10

I have backed up and restored a MS SQL Server 2005 database to a new server.

What is the best way of recreating the login, the users, and the user permissions?

On SQL Server 2000's Enterprise Manager I was able to script the logins, script the users and script the user permissions all seperately. I could then run one after the other and the only remaining manual step was to set the login password (which do not script for security reasons)

This does not seem possible in SQL Server 2005's Management Studio, making everything very fiddly and time consuming. (I end up having to script the whole database, delete all logins and users from the new database, run the script, and then trawl through a mixture of error message to see what worked and what didn't.)

Does anyone have any experience and recommendations on this?

14

The easiest way to do this is with Microsoft's sp_help_revlogin, a stored procedure that scripts all SQL Server logins, defaults and passwords, and keeps the same SIDs.

You can find it in this knowledge base article:

http://support.microsoft.com/kb/918992

  • Doesn't appear to do the user permissions though. (Such as GRANT EXECUTE and GRANT SELECT, etc, etc.) – MatBailie Jan 20 '09 at 15:26
  • Right, because that's contained in each individual database, not at the server level. If you back up a database, do sp_help_revlogin on the old server, use that generated T-SQL on the new server, and then do the restores, you're done. – Brent Ozar Jan 20 '09 at 16:47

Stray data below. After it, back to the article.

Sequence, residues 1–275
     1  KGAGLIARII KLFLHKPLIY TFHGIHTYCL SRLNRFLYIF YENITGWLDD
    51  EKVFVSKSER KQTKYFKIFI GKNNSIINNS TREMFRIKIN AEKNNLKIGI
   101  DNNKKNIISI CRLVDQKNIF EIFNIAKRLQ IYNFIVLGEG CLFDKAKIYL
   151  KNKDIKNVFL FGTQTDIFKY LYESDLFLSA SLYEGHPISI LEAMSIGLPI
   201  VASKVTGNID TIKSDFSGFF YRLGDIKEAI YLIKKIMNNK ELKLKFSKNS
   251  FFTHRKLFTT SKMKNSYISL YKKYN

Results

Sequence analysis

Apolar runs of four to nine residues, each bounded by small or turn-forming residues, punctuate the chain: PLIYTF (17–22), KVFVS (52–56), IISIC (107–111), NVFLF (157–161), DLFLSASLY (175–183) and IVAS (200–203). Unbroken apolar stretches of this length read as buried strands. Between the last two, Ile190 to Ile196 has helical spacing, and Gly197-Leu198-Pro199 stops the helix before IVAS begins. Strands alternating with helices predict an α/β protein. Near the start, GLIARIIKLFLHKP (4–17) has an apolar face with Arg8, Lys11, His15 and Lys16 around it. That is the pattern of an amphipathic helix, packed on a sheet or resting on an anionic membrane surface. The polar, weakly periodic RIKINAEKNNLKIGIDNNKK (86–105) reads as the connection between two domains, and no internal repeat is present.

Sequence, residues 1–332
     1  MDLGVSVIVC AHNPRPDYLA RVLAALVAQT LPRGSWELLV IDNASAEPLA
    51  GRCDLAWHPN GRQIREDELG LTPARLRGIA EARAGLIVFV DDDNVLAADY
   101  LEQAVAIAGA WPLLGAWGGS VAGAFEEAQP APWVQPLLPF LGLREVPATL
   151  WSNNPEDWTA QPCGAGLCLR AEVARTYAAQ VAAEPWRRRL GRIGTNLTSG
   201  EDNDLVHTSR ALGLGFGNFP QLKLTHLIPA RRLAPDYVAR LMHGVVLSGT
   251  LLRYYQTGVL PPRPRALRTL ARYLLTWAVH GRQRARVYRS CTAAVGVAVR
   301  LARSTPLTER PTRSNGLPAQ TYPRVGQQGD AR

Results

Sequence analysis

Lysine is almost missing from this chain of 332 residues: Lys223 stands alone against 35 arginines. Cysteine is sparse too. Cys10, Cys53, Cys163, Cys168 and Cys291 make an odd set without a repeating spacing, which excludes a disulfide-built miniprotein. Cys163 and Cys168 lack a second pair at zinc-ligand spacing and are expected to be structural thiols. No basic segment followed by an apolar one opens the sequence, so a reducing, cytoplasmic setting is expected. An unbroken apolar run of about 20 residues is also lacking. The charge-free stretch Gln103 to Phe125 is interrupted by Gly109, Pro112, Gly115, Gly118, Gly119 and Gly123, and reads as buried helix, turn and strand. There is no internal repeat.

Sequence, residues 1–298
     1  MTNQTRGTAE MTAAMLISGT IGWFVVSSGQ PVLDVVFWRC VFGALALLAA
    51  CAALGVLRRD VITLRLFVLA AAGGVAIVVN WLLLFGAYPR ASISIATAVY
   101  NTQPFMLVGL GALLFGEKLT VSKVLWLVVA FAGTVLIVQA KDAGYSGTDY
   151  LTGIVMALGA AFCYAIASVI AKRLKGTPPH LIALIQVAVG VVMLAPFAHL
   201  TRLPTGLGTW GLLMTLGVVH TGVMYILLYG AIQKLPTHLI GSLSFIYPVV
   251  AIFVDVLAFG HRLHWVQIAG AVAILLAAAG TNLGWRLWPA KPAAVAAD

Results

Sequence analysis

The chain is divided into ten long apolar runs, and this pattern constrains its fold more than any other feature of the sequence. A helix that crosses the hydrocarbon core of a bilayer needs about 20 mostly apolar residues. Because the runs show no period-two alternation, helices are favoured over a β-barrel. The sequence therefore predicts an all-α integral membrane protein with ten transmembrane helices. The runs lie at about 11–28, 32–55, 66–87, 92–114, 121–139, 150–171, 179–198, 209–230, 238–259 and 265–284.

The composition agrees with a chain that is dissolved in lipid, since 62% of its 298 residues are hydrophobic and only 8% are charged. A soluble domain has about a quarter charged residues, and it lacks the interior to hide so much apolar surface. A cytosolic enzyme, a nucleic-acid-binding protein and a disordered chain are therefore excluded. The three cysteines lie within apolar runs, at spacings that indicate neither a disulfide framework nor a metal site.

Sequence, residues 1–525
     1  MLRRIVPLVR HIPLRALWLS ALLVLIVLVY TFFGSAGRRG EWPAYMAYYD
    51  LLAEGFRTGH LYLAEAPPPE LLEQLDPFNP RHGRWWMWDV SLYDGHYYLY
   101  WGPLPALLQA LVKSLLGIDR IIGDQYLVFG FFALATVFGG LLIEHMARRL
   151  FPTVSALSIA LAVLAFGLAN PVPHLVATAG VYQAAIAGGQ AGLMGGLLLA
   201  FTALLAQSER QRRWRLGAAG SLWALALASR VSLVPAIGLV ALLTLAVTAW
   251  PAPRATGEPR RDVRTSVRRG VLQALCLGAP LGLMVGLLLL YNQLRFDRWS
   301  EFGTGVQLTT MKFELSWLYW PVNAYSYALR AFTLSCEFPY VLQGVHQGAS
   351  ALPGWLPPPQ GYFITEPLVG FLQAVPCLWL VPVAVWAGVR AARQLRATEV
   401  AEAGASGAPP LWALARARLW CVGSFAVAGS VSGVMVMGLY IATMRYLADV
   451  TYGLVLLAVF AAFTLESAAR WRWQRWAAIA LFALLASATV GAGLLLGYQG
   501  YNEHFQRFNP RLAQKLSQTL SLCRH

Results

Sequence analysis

• The "users" in the restored database still appear to be orphaned from their "logins". – MatBailie Jan 21 '09 at 0:15
  • 3
    That's because you didn't do it in order. You have to create the users via sp_help_revlogin BEFORE restoring the database. If the users exist now, drop them because they have the wrong sids. – Brent Ozar Jan 21 '09 at 14:22
  • This may cause a problem because the user's default language is not scripted. If the script is executed, the new login's default language may have changed from whatever it originally was to the server's default language. This failed for us with an, obviously poorly designed, third party application which inserted strings into fields of type datetime. That means that the conversion result depends on the login's default language. After the automatic language change from german to english, month and day were swapped over for all days < 12, and an error was thrown for all days between 13 and 31. – takrl Jul 19 '16 at 13:56
2

Run this:

EXEC sp_change_users_login 'Report'

This will show a list of all Orphaned users, for example:

enter image description here

Now execute this script here for each user, for example

exec sp_change_users_login 'Update_One', 'UserNameExample', 'UserNameExample'

This fixed my problem.

0

I use the SQL Compare product from Red Gate (http://www.red-gate.com/products/SQL_Compare/index.htm). There are other similar products around but I've had no reason to look for one as SQL Compare has never let me down.

You'll find it is useful for a lot more than the your current requirement as it will help synchronize all types of database object, not just login and permissions.

  • We have a similar "database differential" tool. Unfortunately our Client does not... – MatBailie Jan 20 '09 at 15:22

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